Signage and gate locks are further proactive measures to keep courts in playable condition. It is amazing how much damage can be caused from skateboards and other activities not meant for the surface. Vandalism, ranging from skateboards to spray paint to arson, also can be avoided through these measures.
When is it time to resurface a court? Various ranges are given by industry leaders, but 3 to 7 years are the average, and those are based largely on regional differences in climate, its direct effect on asphalt, exposure of asphalt to the elements and the surface’s use. There are several factors in ascertaining when it is time to resurface a court:
· Low areas/depressions (bird baths) that hold more than 1/16-inch of water
· Cracks interfering with game play and/or making conditions unsafe for users
· Surface paint that is faded, cracked and/or showing the sub-base
· Exposed tree roots or other surface upheavals that can create tripping hazards
· Discoloration and rust spots on the court surface
· Small bumps or “bubbles” on the surface that sound dead or hollow when bouncing a ball.
While all of these maintenance issues need to be addressed, cracks, upheavals and depressions are the most costly, and can lead to further problems if not taken care of promptly. Left unattended, they can destroy the sub-base.
There are various techniques available to restore and combat the effects of time and skateboards. Patching and filling can take care of minor cracks, divots and birdbaths. Many times, this work can be performed quickly with minimal downtime to court users. For larger cracks and depressions with depths up to a ¼ inch, a fabric overlay and resurfacing may be necessary. Courts that have numerous cracks, depressions and upheavals may need a completely new asphalt overlay, or may have to use some of the newer prefabricated overlay products. These techniques are expensive, but will add another 6 to 12 years to the court’s lifespan.
The best way to avoid or reduce repairs is with a quality maintenance program. Since weather, local sediment conditions and asphalt-mix vary from region to region, local contractors are able to evaluate these variables. Other components of a maintenance program include:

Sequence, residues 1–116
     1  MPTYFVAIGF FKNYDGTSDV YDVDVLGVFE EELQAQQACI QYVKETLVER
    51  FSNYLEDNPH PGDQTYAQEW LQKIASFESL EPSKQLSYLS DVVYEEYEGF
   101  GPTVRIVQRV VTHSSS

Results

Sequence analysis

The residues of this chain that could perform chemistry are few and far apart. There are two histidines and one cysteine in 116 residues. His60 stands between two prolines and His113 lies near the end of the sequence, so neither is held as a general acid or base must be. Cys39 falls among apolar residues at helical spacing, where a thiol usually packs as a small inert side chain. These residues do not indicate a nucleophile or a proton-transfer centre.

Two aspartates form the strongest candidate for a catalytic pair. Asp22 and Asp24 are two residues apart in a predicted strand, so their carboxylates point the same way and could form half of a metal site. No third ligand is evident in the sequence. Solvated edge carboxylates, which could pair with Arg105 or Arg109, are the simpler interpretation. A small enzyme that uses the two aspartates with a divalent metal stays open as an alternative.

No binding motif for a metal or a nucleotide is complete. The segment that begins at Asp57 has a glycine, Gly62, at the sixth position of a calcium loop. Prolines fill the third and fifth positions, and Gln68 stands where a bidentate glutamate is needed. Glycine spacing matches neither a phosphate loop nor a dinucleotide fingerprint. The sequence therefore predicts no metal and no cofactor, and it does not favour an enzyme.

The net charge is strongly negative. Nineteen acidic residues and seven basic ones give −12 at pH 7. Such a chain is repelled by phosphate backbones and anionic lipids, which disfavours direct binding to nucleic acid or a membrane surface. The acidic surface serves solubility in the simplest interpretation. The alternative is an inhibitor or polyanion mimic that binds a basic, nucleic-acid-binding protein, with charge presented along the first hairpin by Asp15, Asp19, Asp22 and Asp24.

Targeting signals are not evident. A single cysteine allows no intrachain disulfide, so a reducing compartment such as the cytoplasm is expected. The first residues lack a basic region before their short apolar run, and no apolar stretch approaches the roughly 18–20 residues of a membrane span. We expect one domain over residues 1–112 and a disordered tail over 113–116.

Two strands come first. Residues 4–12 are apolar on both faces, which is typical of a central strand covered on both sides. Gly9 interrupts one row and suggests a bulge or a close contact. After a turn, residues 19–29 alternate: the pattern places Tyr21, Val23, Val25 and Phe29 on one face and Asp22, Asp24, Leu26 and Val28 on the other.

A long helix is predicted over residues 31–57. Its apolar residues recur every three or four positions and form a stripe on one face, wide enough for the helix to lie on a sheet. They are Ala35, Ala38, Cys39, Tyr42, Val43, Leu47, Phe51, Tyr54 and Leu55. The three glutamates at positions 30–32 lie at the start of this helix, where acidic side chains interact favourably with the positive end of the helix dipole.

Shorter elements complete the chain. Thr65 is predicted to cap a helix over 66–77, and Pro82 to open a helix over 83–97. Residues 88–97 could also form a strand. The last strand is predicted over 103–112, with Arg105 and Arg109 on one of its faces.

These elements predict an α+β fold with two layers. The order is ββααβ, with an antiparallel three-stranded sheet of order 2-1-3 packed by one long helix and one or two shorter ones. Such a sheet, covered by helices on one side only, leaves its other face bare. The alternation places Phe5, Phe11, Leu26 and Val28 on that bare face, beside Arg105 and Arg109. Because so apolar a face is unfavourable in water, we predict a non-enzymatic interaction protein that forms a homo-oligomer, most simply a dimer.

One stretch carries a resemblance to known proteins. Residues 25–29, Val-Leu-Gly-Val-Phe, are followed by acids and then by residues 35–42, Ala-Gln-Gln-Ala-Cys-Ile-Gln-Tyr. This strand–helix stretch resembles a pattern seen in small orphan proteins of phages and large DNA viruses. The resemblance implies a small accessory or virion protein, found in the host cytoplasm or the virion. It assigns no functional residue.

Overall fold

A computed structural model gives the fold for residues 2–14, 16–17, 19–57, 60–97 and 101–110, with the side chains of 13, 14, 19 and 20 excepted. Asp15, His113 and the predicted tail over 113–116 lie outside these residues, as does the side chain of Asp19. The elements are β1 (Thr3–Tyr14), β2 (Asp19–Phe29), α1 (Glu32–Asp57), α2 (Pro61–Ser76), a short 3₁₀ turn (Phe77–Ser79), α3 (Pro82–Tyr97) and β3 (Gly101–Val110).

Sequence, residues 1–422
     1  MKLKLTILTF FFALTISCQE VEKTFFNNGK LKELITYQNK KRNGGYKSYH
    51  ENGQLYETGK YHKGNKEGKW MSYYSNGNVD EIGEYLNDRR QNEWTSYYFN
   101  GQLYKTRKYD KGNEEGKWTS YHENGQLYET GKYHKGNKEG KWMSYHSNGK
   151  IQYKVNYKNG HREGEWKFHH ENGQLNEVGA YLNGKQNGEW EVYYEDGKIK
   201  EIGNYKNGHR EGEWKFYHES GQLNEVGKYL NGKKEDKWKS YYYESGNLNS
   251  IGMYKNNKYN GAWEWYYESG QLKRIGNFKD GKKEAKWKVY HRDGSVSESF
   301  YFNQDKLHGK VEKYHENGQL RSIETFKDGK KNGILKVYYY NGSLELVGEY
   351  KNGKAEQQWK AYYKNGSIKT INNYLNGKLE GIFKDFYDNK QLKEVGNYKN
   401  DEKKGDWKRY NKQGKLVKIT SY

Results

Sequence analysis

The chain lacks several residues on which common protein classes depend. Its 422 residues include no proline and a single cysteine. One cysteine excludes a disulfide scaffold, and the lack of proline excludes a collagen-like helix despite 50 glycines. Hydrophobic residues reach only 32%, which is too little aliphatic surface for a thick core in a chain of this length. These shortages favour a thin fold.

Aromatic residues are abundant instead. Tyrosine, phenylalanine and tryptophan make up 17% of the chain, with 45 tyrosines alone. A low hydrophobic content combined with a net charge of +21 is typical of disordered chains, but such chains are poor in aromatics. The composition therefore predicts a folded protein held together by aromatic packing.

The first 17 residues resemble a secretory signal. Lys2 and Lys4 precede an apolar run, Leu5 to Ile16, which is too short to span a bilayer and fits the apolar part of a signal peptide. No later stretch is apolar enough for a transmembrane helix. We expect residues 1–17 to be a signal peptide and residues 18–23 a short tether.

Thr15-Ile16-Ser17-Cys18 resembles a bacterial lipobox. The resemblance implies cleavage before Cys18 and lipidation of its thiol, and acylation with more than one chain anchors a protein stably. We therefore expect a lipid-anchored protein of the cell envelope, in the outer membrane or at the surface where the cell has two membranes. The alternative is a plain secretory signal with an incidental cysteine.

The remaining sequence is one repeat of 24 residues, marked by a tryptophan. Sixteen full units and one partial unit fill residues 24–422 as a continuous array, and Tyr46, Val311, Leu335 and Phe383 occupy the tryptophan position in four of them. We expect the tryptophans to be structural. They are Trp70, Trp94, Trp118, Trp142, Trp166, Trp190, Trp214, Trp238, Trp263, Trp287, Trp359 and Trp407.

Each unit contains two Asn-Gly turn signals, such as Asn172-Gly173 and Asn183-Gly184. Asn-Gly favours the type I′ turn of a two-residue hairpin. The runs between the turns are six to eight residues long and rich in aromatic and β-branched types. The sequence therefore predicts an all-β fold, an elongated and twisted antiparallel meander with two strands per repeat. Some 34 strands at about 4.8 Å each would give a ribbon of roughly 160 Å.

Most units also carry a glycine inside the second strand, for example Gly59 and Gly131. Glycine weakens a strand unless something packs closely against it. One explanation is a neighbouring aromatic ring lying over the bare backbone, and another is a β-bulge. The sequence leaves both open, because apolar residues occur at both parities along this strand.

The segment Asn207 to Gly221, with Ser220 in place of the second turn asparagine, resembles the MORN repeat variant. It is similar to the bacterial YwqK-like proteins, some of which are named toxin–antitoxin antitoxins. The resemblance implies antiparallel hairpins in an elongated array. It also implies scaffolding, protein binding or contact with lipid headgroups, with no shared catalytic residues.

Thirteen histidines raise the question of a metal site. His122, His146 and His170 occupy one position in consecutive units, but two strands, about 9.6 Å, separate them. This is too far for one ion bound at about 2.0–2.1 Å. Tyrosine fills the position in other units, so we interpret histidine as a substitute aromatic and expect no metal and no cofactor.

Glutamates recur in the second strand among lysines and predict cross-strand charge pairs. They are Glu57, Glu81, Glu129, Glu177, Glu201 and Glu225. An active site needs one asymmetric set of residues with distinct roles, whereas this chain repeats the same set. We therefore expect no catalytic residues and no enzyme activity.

· Blowing or sweeping courts weekly
· Pressure-washing every 1 to 2 years to remove mildew
· Avoiding planting and keeping all larger trees at least 10 feet from the perimeter
· Repairing cracks as they appear (before they are beyond patching and before a freeze)
· Having courts professionally inspected every 2 years.
Keeping play surfaces safe for the public is fundamental to what we do. Retaining and prolonging their value is being a good steward of public and private funds. These two principles are at the core of every parks and recreation professional and, oddly, never illustrated better than by asphalt!
Steve Yeskulsky is a CPRP currently working in the parks and recreation industry in Sarasota, Fla. He can be reached via e-mail at email@example.com
Some Interesting Facts About Asphalt:
· Asphalt is America’s number-one recycled product--seven times more than plastic bottles, aluminum cans, newspapers and glass bottles combined!
· One of the oldest major sporting events to make use of asphalt is the Tour de France (1903 – present). In 1824, the French started paving their roads with asphalt blocks.
· Don’t stop running or walking during the summer, especially in Death Valley in California. It is an urban legend that shoes can melt on a hot day, and make the runner stick to the asphalt.